False notes in Olmert-Peretz working relations

The Israeli prime minister Ehud Olmert will be meeting defense minister Amir Peretz to attempt a meeting of minds before he is due in Washington for his first White House talks on May 23. He can’t afford to throw his weight about too much, because it is in Peretz’s power to bring the government down by walking out with his Labor party.
Olmert made his displeasure at Peretz’s precipitate actions known at the cabinet’s second meeting Sunday, May 14. He snubbed Peretz’s proposal to discuss assistance to the Palestinians as “immature” – and made sure this was leaked to the media.
The prime minister cannot blind himself to the dissonances in the Labor leader first essay in government as head of the national defense establishment. Too many complaints are coming in. And a war on terror is in progress, after all.
An action which rubbed Olmert’s nerves raw was the defense minister’s creation this week of the post of Chief of Staff to the Defense Minister, which he built around Brig.-Gen. Michael Herzog, who happens to be the elder brother of a close Peretz buddy, tourism minister Yitzhak Herzog.
The elder Herzog has spent the last six months in Washington cooling his heels after the top brass of the military and defense ministry found him unsuitable for a senior IDF position. He has now landed a job which puts him in charge of liaison between the minister and the same generals and high officials who found him wanting, hardly the best way for the new man to achieve a smooth working relationship in his new, immensely responsible post.
Olmert is disturbed by the Herzog appointment on a second score: it is clearly motivated by crass partisan considerations, thereby tainting a government department which has always been strictly concerned to fill key positions with the best possible professionals. The impression is that the Labor leader, instead of focusing on his new job, is engaged in a blatant intrigue to build himself a power base in the defense ministry, to challenge the Kadima leader, the prime minister, when the time is ripe.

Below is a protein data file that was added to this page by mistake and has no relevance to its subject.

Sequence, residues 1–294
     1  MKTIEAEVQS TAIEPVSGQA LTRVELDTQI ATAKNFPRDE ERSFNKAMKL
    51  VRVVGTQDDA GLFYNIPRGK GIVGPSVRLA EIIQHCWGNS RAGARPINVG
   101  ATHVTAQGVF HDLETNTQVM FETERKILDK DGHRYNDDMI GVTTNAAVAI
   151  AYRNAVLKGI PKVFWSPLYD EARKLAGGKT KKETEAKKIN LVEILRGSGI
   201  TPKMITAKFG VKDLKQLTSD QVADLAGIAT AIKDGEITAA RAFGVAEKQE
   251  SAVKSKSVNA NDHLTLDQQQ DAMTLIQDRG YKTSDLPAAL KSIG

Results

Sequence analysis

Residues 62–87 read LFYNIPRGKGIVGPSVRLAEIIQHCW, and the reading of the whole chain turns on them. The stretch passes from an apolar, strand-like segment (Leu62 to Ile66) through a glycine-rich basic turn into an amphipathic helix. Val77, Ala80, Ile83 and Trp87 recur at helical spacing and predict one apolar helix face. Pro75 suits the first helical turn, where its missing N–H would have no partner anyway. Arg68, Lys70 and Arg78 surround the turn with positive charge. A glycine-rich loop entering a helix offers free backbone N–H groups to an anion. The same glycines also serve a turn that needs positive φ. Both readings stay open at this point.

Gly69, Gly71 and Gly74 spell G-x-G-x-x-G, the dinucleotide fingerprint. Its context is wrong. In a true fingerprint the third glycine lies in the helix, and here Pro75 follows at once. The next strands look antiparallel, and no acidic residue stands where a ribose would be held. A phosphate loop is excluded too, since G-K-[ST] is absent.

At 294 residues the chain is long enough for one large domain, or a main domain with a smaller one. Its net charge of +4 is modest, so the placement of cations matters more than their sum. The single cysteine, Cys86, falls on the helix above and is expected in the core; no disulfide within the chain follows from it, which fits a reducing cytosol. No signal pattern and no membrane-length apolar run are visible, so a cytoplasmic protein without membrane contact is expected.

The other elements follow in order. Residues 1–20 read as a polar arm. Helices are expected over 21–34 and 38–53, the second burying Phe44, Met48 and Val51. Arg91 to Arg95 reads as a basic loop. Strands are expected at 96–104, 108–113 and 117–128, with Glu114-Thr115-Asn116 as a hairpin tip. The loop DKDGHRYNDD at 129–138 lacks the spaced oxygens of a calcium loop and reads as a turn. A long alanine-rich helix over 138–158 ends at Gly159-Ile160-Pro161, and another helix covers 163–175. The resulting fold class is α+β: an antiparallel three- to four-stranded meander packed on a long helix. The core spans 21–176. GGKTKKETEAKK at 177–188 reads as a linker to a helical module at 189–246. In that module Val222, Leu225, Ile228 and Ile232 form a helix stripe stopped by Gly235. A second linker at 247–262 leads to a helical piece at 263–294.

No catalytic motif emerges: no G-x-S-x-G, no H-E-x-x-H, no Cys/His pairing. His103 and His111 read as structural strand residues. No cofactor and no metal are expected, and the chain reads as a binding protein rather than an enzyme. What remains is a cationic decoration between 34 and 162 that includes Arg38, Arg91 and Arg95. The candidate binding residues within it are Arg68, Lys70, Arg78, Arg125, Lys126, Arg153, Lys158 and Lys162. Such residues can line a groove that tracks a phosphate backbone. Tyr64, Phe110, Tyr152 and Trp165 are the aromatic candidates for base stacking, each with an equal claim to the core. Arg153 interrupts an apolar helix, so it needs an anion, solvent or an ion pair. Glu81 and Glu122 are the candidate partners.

Most disturbing of all is the unfavorable impression Peretz made on the senior officers he interviewed in his first 10 days on the job. They were shocked by the vast gaps in his knowledge and understanding of the nature of his watch, a gap which they fear is unbridgeable.
But however much he may rue his choice of partner and head of the most sensitive department of his government, Olmert is stuck. He has been brought sharply face to face with his blunder in choosing Peretz as his senior partner in government and deputy prime minister, while leaving Avigdor Lieberman’s Israeli Beitenu (right-wing Russian) out.
With a slender 66-member majority in the 120-strong Knesset, any of his three coalition partners has the clout to bring the government down – and the Labor leader is making no secret of where the land lies. This weakness is bound to cloud the Israel prime minister’s already problematical debut in Washington next week.

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